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House training is one of the most important training projects for new puppy owners, or refresh older and shelter dogs if they need it. It can be a great start to all future training if you take a positive and active role in it.

Basic House Training: House training should only take approximately two weeks if: a) YOU are consistent and committed, and b) YOU are prepared to train your pup from the moment you bring him home.


Retraining a dog that has established undesirable habits can take six weeks or more!


FIRST….Take your puppy to the vet for a complete check-up. This will assure you that you have a healthy pup and are aware of any medical complications that can make house training difficult. Conditions such as intestinal upset, parasites and urinary tract infections can make house training difficult to impossible until they are cleared up. Choose an area outside for the pup to relieve himself. Having a plan of where to go when it is time to go out is a key to success. As with any training, you can not teach the dog what is acceptable if you don’t know yourself! A positive attitude is one of the most important ingredients in house training your dog. Your puppy does not know what is right or wrong. When the pup has done well, pat him and praise him. The pup will want to do things that are rewarded by you. Affection, praise and food treats can all be used as a reward for proper response of eliminating outdoors.


Scheduling: 1. Create a schedule that is practical for you to maintain. If you can not stick to your schedule - you can't expect the pup to either. 2. Do not allow your pup free access to food. Be very careful of your dog’s diet so you don’t cause him to have an upset digestive tract. 3. Schedule your dog's bed time and waking-up time. Try to maintain this schedule. 4. Young pups take many naps. Be sure you can take your pup outside after each nap. 5. Play times and other excitement may cause the pup to need to relieve himself. 6. Most dogs will be able to "control themselves" after a few days of training for up to eight hours during the night.


Supervise in the House:
1. Know where your dog is at all times, and what he is doing, this will help you avoid accidents. Observe your pup; if he stops playing and starts to look around for a "good spot", he needs to go out.
2. If the pup starts to make a mistake take the dog straight to his toilet area. Do not yell at the dog. Do not chase the dog. Any mistakes at this stage of training are due to you not supervising your pup.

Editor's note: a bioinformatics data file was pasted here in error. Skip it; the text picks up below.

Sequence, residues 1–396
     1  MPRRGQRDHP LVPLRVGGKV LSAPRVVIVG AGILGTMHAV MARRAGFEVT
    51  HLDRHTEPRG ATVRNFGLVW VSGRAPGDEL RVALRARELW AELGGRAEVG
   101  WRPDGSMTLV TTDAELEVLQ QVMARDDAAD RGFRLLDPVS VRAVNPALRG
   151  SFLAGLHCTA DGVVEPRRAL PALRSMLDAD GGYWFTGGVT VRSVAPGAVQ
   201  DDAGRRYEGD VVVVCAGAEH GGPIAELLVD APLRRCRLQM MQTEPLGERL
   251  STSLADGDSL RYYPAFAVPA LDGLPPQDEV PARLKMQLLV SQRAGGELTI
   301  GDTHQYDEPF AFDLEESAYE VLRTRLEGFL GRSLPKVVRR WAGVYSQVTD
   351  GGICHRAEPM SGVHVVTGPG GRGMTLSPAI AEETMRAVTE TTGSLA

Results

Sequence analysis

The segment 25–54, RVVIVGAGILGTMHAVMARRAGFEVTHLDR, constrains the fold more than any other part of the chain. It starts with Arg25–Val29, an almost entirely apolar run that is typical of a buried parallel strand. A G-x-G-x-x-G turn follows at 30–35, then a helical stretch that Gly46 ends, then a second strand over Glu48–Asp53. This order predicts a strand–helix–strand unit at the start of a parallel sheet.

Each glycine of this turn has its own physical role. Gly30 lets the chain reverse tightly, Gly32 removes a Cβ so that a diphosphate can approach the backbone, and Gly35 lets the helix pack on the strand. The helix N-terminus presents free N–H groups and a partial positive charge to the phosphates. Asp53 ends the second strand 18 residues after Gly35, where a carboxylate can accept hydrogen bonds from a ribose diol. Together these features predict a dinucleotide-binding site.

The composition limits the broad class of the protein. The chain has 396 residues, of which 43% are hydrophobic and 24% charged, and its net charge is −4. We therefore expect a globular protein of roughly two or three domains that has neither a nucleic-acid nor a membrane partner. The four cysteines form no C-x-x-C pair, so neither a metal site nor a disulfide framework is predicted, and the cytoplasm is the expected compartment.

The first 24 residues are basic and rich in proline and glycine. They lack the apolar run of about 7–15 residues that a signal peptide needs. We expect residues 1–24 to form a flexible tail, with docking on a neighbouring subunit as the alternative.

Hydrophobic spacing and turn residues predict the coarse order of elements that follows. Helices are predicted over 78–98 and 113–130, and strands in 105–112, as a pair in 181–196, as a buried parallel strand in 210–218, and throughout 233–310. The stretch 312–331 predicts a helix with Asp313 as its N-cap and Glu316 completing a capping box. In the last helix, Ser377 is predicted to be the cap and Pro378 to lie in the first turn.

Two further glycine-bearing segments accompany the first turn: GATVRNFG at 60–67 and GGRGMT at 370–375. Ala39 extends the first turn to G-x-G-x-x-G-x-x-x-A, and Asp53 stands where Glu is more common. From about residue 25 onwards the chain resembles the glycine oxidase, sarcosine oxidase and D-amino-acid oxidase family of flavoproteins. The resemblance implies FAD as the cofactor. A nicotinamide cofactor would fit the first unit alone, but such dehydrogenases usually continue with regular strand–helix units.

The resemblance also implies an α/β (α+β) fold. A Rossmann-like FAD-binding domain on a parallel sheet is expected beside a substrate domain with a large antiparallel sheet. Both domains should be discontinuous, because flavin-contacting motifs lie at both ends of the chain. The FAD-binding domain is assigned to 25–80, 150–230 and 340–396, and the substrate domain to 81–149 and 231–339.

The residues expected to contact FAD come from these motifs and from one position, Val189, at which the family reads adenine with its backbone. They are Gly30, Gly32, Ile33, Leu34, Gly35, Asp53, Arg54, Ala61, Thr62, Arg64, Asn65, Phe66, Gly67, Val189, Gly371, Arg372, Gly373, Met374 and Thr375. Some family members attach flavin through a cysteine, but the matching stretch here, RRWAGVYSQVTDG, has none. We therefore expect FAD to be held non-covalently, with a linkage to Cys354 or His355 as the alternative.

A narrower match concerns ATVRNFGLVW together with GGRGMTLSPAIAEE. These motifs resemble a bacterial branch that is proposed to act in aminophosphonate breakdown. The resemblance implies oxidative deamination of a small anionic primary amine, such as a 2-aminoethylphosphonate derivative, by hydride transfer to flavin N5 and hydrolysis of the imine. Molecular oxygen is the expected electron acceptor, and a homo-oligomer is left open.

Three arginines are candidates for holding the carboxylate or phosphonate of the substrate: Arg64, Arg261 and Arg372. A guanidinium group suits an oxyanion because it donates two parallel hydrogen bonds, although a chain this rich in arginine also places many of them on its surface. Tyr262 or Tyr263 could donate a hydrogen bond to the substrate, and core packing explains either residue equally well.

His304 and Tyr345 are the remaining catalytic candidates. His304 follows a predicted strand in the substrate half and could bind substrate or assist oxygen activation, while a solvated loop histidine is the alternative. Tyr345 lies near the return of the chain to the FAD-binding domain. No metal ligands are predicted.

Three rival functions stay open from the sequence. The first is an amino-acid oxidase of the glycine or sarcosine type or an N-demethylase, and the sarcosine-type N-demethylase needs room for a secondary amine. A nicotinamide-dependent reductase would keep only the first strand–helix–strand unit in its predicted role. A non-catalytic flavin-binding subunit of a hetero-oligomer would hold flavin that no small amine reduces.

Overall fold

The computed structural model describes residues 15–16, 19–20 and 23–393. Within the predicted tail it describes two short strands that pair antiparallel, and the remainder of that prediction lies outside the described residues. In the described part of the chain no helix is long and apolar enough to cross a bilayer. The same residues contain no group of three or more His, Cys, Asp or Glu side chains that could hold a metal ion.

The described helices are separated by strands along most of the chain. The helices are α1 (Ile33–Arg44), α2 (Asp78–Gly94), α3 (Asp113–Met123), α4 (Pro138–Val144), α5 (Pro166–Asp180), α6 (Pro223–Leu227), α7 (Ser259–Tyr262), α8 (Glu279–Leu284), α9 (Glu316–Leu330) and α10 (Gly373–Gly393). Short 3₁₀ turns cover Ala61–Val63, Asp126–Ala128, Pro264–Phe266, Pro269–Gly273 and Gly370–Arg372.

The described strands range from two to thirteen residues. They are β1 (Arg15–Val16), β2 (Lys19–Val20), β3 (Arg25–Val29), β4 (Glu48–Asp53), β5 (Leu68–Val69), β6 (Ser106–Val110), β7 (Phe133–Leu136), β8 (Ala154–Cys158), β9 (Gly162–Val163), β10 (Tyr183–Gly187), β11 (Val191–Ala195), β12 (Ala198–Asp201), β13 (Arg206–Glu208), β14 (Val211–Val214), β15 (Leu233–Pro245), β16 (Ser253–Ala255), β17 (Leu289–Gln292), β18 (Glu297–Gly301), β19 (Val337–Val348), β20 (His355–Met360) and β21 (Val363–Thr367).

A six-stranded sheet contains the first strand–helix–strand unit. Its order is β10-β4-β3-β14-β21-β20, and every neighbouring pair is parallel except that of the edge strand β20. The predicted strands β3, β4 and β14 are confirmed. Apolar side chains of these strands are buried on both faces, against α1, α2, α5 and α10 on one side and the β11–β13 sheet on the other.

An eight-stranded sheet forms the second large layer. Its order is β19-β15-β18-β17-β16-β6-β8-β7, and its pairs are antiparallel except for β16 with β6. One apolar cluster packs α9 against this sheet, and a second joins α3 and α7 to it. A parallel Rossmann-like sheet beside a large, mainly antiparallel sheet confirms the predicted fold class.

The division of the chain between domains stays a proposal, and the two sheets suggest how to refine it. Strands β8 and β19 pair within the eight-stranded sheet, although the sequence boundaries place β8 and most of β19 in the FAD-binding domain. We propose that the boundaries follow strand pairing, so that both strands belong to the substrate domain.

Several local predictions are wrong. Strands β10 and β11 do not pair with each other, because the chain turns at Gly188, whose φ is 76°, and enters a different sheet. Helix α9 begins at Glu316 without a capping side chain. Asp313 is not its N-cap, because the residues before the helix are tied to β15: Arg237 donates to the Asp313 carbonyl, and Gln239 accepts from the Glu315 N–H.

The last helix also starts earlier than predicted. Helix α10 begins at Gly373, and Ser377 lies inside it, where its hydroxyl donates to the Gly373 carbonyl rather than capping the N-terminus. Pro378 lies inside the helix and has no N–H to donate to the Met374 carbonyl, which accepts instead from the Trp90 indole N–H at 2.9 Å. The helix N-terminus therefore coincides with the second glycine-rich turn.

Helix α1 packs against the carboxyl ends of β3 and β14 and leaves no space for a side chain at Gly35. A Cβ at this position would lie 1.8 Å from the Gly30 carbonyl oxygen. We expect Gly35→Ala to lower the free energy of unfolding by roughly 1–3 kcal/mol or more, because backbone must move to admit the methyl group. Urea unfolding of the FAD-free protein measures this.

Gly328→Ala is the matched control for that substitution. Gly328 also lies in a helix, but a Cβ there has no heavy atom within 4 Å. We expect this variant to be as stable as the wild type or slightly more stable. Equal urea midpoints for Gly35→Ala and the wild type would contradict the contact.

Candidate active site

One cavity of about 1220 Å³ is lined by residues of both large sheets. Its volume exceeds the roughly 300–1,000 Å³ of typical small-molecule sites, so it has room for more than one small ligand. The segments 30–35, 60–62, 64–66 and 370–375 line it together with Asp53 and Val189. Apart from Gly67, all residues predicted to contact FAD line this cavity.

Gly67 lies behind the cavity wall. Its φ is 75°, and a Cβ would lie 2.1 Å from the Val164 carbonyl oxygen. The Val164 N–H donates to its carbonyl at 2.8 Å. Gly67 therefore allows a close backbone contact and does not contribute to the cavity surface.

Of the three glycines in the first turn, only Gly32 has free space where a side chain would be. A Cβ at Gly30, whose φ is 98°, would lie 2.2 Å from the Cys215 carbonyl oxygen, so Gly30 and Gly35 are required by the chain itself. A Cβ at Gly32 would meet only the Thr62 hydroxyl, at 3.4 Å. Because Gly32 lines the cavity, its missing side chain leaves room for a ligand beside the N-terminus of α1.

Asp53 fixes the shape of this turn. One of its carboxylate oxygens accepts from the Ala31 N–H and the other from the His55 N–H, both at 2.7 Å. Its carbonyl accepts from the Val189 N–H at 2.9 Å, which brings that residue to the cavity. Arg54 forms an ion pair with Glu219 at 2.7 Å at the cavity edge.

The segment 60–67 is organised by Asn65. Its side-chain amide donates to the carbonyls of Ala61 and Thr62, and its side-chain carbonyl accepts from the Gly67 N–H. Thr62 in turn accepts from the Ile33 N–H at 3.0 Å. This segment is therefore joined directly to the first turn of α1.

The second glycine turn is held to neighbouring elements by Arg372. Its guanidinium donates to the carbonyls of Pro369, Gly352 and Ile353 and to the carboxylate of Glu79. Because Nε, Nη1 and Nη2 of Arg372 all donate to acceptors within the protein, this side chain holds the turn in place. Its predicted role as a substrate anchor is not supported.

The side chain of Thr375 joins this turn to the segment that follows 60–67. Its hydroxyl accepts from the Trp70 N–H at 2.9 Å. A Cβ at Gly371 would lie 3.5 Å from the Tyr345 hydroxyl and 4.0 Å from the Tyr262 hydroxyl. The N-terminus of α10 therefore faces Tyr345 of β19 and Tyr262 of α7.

3. If you can not supervise the dog for a period of time, first take him out for a walk to give him an opportunity to relieve himself and then put the dog in a confinement area or crate (prepared with papers, just in case).
4. When you are relaxing (watching TV etc.), keep your pup with you. Give him toys to play with. You may want to keep your pup on his leash or confine him to the room where you are, so that he doesn't wander off and have an accident. Teach him that it can be enjoyable just being with you.

When you can't be with your dog:
1. Provide a small area confinement area or their crate.
2. Do not leave food and water with the dog. Do not treat them (cookies or snacks) before you leave. If possible, feed your pup his breakfast at least 2 hours before your planned departure time. This will give you time for him to eat, digest his food and relieve himself before you leave the house.
3. If you are going to be gone for more than eight hours have someone come by to take your pup out for a potty break.

Potty Routine:
1. Take your pup out on leash to the designated outdoor area. Stand quietly, so your pup can sniff around and find the right spot. Be patient and do not distract him. Do not speak or praise the dog while he is looking. If after about 5 minutes your dog hasn't gone to the bathroom, return him to the house and keep a VERY close watch for about 15 min and then try again.
2. As your pup starts to relieve himself; calmly praise him. Use a chosen word or phrase good boy etc.
3. When the dog has finished relieving himself Click and Treat. Make a big fuss and tell him how wonderful he is. Run around with him and let him sniff around a bit more.
4. Remember your dog's routine. Some dogs will "potty" two or three times per outing in the morning, but only twice per outing in the evening. Urination is often followed by defecation, while other dogs will do the reverse.
5. Be sure not to rush to get back into the house…even if the weather is bad. You do not want to punish going out to go potty. Let him sniff around a bit more and then go back into the house.
6. A general rule for a good schedule - take him out immediately after he wakes up, after he has eaten, after all play sessions and right before turning in for the night. ‘

Catching the dog "in the act" or finding an “accident” after the fact :
1. Do not punish your dog. Get him outside, to the designated latrine area. Proceed with the potty routine.
2. Clean the mess with a deodorizing or odor killing cleanser. If the dog smells his own scent as having been used as a bathroom area, the dog will continue to use the area. If the cleanser is not able to eliminate enough of the scent so that the dog can not detect it, you can help mask the scent over with vanilla extract. Just one or two drops will make it impossible for the dog to smell any lingering odor.
3. Accept the fact that you were not watching…..Keep a closer eye on your pup!!


Constance Dwyer, CABC Copyright ©2011 Reproduced by Permission All Rights Reserved


House Training a Puppy or Adult Dog

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